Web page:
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Watch Jim Allison: Breakthrough

(202) 7.8 90 min 2019

Jim Allison: Breakthrough is a movie starring Jim Allison, Sharon Belvin, and Eric Benson. Renegade Texan scientist Jim Allison devotes his life work to find a cure for cancer after the disease takes the life of his mother.

Jim Allison, Eric Benson, Sharon Belvin, Woody Harrelson
Bill Haney

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Product details

Audio English  Deutsch  Italiano  Español  Français  Gaeilge  Svenska  Nederlands
Subtitles 日本語  Čeština  Português  Australia  한국어  Filipino  Tiếng Việt  हिन्दी 
Quality 480p, 720p, 1080p, 2K, 4K
Genres Documentary
Director Bill Haney
Writer Bill Haney
Stars Jim Allison, Eric Benson, Sharon Belvin, Woody Harrelson
Country USA
Runtime 1H 30M
Description Renegade Texan scientist Jim Allison devotes his life work to find a cure for cancer after the disease takes the life of his mother.

Top reviews

Saturday, 23 May 2020 23:30

There are only a handful of documentaries I can recall that left me scratching my head. This was one of them. The movie was great, as it should have been. It doesn't leave you wondering what you just saw, it just leaves you thinking. I have never felt so conflicted and depressed after seeing a movie. That's what this movie is about. Heartbreak. It wasn't a comedy, nor did it feature a comedic or romantic subplot. It was something you didn't really expect at all. If you have seen the movie, you will see it for what it is. But if you didn't, don't bother. Because that's not it. It's something else. A compelling story that is painful to watch. You can't explain it to anyone because it's something that you will never be able to explain. One thing that surprised me about this movie was how much it went into detail about the band, and the performance of them in that particular concert. And by that I mean how it played through most of the songs, almost from start to finish. Very interesting stuff. Also interesting was the way the band's manager worked, and how he took his band into the studio. Even with all of this material, the story went too slow. There were a couple of points where I started to roll my eyes. It was like you knew where it was going, and you thought it was going to end, but it just kept going, and it kept going. I didn't find the story to be in any way the least bit realistic. This is just something you can't explain, and you can't explain it. It's just like the stories you can't explain, so you can't explain it either. However, I did like the way it ended. You know what, I think they're all going to die anyway. Maybe, just maybe, they'll all end up dead because of the way life is, and they'll all just die together. This isn't something that you can explain, and you can't explain it, but that's what I think is going to happen. I was expecting it to be more shocking, and I'm glad they didn't get that "Oscar Winning" ending. That's probably going to be my only complaint about this movie. I think that I will watch this again in a year or two to see if I still understand what I just saw. I did watch it once and it was terrible, so maybe I'll just leave this here for another year, and that'll be that.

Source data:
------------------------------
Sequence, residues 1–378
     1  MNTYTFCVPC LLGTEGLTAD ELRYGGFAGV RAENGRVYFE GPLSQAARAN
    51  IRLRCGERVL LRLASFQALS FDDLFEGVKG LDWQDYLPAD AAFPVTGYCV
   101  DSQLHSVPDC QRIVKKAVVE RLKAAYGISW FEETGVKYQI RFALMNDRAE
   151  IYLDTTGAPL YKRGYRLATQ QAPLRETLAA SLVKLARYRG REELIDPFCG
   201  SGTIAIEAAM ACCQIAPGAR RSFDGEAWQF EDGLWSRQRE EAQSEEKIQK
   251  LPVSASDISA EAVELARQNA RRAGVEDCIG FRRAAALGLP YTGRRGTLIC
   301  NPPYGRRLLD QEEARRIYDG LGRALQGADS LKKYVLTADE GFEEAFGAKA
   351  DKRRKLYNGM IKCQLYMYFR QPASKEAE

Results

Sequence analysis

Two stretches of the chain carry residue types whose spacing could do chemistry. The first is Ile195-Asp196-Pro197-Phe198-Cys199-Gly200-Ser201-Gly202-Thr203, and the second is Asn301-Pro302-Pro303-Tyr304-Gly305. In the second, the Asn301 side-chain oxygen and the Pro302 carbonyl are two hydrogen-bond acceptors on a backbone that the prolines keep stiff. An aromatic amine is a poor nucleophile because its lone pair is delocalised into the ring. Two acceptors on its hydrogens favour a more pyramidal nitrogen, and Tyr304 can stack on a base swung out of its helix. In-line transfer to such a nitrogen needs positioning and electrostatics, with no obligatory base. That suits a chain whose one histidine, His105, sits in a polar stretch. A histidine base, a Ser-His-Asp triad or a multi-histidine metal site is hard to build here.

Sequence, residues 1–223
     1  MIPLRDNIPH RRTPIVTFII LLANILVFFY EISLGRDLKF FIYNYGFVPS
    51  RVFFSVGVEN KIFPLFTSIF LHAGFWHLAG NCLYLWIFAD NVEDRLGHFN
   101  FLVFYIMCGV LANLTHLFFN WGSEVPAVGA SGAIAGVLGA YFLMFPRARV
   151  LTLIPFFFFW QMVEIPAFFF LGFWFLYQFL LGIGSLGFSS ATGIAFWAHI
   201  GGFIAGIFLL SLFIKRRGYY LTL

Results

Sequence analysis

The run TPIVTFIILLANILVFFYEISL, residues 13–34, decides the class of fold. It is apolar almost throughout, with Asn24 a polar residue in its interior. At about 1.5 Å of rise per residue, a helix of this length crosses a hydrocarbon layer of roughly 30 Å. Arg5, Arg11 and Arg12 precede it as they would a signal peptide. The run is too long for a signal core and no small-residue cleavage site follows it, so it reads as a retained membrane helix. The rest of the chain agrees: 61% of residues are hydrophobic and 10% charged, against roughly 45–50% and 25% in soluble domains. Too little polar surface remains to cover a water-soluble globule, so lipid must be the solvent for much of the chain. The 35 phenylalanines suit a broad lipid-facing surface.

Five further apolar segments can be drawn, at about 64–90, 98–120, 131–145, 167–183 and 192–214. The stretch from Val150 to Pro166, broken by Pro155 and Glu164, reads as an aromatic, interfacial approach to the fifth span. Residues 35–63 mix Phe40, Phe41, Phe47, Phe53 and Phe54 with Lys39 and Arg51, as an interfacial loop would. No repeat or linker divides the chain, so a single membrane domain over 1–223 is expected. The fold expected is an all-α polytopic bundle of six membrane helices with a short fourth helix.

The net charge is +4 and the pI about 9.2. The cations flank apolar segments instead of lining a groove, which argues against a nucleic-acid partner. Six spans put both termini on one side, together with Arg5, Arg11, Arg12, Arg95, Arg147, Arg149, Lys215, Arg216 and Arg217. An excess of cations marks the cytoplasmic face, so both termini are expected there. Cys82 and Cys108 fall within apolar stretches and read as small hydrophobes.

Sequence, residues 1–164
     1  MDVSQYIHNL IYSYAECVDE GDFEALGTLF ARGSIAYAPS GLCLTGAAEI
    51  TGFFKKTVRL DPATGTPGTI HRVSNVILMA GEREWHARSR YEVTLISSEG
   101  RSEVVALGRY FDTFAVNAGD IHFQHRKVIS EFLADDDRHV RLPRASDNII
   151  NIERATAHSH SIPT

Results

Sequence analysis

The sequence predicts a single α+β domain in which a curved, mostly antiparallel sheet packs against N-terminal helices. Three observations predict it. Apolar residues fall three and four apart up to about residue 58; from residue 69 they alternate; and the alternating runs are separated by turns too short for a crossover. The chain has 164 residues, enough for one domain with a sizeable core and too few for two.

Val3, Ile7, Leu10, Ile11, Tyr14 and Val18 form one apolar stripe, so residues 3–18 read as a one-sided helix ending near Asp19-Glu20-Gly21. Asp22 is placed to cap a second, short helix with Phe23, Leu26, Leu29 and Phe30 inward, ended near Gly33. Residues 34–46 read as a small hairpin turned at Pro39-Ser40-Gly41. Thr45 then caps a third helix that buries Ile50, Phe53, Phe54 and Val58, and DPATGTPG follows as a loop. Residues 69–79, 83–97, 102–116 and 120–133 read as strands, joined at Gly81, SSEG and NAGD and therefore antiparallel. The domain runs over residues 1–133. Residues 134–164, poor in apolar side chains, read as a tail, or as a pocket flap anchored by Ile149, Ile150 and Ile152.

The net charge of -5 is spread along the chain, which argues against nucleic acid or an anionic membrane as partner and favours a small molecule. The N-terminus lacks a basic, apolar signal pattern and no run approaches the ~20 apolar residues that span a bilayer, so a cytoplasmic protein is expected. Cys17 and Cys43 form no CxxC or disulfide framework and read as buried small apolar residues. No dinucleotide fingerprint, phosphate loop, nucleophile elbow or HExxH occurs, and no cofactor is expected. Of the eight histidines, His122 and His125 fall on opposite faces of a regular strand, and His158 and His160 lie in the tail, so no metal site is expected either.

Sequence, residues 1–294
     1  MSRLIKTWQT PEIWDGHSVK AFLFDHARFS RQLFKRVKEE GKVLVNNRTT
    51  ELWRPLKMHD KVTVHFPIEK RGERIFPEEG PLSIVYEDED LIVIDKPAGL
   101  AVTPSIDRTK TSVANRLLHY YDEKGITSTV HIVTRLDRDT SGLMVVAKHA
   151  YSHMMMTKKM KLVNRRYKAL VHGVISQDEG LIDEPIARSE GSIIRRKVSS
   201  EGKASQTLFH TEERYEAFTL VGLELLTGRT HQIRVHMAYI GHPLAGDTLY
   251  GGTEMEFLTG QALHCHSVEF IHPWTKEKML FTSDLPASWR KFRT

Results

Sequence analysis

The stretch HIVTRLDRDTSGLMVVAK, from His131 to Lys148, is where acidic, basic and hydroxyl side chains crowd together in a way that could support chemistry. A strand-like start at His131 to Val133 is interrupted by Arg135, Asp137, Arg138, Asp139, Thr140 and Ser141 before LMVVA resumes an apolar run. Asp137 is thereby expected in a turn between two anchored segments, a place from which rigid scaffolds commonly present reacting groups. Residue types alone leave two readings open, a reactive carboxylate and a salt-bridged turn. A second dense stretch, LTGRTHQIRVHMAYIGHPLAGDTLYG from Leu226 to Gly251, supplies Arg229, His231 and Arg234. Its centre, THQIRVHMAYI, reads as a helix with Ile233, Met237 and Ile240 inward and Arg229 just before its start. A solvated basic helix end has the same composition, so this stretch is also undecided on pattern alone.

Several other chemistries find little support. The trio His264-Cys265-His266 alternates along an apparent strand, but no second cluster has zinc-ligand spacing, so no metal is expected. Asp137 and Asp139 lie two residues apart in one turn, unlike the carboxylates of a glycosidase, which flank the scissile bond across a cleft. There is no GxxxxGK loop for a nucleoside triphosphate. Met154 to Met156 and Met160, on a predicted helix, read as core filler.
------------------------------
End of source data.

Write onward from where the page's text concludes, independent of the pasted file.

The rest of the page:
Wednesday, 20 May 2020 07:06